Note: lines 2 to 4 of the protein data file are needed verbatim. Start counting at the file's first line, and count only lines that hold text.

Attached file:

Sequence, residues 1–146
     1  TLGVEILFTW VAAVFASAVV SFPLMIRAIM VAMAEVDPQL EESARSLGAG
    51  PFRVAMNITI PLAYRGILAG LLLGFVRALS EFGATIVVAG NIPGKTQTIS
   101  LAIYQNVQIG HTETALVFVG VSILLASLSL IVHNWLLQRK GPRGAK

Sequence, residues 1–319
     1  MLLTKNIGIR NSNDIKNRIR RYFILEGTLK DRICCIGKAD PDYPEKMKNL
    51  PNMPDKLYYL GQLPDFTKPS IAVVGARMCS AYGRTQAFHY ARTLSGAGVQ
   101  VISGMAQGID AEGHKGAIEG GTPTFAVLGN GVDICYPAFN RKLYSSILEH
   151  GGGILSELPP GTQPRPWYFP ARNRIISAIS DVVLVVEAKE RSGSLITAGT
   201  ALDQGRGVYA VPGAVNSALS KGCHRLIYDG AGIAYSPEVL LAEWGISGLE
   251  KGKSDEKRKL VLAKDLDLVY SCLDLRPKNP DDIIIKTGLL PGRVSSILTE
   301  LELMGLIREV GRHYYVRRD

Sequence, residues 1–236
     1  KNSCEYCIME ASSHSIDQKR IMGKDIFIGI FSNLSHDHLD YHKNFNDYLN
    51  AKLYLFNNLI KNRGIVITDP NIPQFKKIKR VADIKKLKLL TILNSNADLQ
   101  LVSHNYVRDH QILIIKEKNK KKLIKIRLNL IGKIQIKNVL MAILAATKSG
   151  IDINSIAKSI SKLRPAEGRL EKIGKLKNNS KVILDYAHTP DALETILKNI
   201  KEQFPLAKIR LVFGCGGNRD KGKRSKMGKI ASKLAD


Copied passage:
     1  TLGVEILFTW VAAVFASAVV SFPLMIRAIM VAMAEVDPQL EESARSLGAG
    51  PFRVAMNITI PLAYRGILAG LLLGFVRALS EFGATIVVAG NIPGKTQTIS
   101  LAIYQNVQIG HTETALVFVG VSILLASLSL IVHNWLLQRK GPRGAK